From the Evening Standard: The soundtrack to David and Samantha Cameron’s marriage is an album of Depression-era US folk music, the PM’s wife has disclosed. Time (The Revelator) is a 2001 collection of austere narratives by Nashville singer Gillian Welch. Peter Mensch, manager of rock stars such as Metallica and husband of ex-Tory MP Louise, discussed the Camerons’ tastes at a Tory function. “I asked Samantha Cameron, ‘Why Gillian Welch?’,” said Mensch, who manages the singer and invited the couple to her Hammersmith concert in 2011. “She said, ‘There was a record store  in Notting Hill where David and I used to live. I would say to the guy with the purple mohawk: “What should I be listening to?” He sold me Time (The Revelator). For the past 10 years David and I listened to it all the time’ .”

Lana Del Rey, Chelsea Hotel No 2
Nicely simple and atmospheric version of a song its author has often felt uneasy about. I’m not even sure anyone but Leonard Cohen should sing this, but the solemn and melancholy tune is a draw to a certain type of singer. I think my favourite version is actually Meshell Ndegeocello’s, where she creates such a slowed-down, sultry arrangement that it seems that she’s only singing the song for one person to hear, not an audience. I don’t think it’ll be on the setlist next week at Ronnie Scott’s.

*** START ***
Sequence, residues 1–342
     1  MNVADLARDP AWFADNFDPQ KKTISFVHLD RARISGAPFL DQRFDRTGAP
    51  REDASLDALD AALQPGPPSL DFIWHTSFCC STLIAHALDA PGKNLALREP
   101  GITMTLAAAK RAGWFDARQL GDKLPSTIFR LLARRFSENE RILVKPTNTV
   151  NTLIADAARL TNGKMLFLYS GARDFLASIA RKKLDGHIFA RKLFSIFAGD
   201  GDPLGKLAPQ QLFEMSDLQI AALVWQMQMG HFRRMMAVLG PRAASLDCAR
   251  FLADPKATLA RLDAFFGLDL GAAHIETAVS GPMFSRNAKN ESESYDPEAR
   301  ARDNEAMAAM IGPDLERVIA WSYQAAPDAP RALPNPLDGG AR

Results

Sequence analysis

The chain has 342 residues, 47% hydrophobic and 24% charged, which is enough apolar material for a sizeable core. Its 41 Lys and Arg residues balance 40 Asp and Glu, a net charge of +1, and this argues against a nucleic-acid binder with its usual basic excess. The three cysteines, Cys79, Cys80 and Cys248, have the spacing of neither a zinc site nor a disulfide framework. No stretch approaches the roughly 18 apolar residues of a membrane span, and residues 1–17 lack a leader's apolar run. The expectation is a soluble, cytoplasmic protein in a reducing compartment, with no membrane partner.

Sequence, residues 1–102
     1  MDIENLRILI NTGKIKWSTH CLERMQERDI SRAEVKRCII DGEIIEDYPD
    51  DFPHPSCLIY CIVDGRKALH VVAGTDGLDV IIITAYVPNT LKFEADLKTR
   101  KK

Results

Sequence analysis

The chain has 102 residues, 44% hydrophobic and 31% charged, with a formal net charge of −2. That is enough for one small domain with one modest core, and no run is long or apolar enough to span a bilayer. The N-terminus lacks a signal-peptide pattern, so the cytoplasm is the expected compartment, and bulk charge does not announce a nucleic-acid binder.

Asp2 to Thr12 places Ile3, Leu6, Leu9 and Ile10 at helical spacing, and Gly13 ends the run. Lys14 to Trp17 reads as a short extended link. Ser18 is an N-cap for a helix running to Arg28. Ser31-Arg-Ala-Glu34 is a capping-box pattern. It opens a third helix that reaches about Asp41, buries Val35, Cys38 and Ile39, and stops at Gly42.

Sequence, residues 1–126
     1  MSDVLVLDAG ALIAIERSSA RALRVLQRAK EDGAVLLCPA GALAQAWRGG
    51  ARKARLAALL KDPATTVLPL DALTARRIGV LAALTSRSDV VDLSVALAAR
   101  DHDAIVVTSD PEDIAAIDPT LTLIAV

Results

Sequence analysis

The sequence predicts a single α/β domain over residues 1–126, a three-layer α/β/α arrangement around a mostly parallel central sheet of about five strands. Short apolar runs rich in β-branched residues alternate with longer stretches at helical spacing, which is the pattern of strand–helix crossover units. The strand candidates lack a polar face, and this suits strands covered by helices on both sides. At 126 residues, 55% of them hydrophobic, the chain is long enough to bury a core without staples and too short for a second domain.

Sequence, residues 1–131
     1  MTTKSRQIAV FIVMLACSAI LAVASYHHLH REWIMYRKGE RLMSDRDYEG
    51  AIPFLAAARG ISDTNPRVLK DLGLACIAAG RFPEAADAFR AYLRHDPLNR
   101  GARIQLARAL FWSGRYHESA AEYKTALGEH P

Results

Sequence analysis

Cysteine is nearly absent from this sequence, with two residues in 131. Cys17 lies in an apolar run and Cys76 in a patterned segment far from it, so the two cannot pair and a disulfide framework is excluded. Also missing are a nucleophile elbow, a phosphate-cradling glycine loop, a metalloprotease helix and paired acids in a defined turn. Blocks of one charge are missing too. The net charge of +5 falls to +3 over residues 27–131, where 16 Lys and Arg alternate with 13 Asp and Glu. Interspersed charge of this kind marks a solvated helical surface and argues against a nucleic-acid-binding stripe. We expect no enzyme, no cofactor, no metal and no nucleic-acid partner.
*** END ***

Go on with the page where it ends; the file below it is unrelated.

From Our Woodstock Correspondent
The road from RT 28 to W’stock, formerly rt. 375, will be officially re-named Levon Helm Highway. Meanwhile, all Robbie has named after him is the house next door, and that’s not even official. (But a couple has moved in and are done a nice job renovating…) as ever, john c

What I Say
Yeah Yeah Yeah’s notice, posted on the doors of Webster Hall, New YorkYeah

Killing Them Softly
The soundscape of this beautifully shot film based on George V Higgins’ fine book, Cogan’s Trade, and recently released on DVD, is fantastic. It’s worth watching just for that, from the opening credits of crunching footsteps underneath a voiceover of Obama on the election trail. The election is a presence throughout the film, playing on TVs in bar and on car radios. From the creak of car seats, the roar of throaty engines and the rain on the windshield, to the clangs of echoing hallways, real care is taken. Music supervisor is Rachel Fox, piano pieces and musical ambiences by Marc Streitenfeld. Take a bow.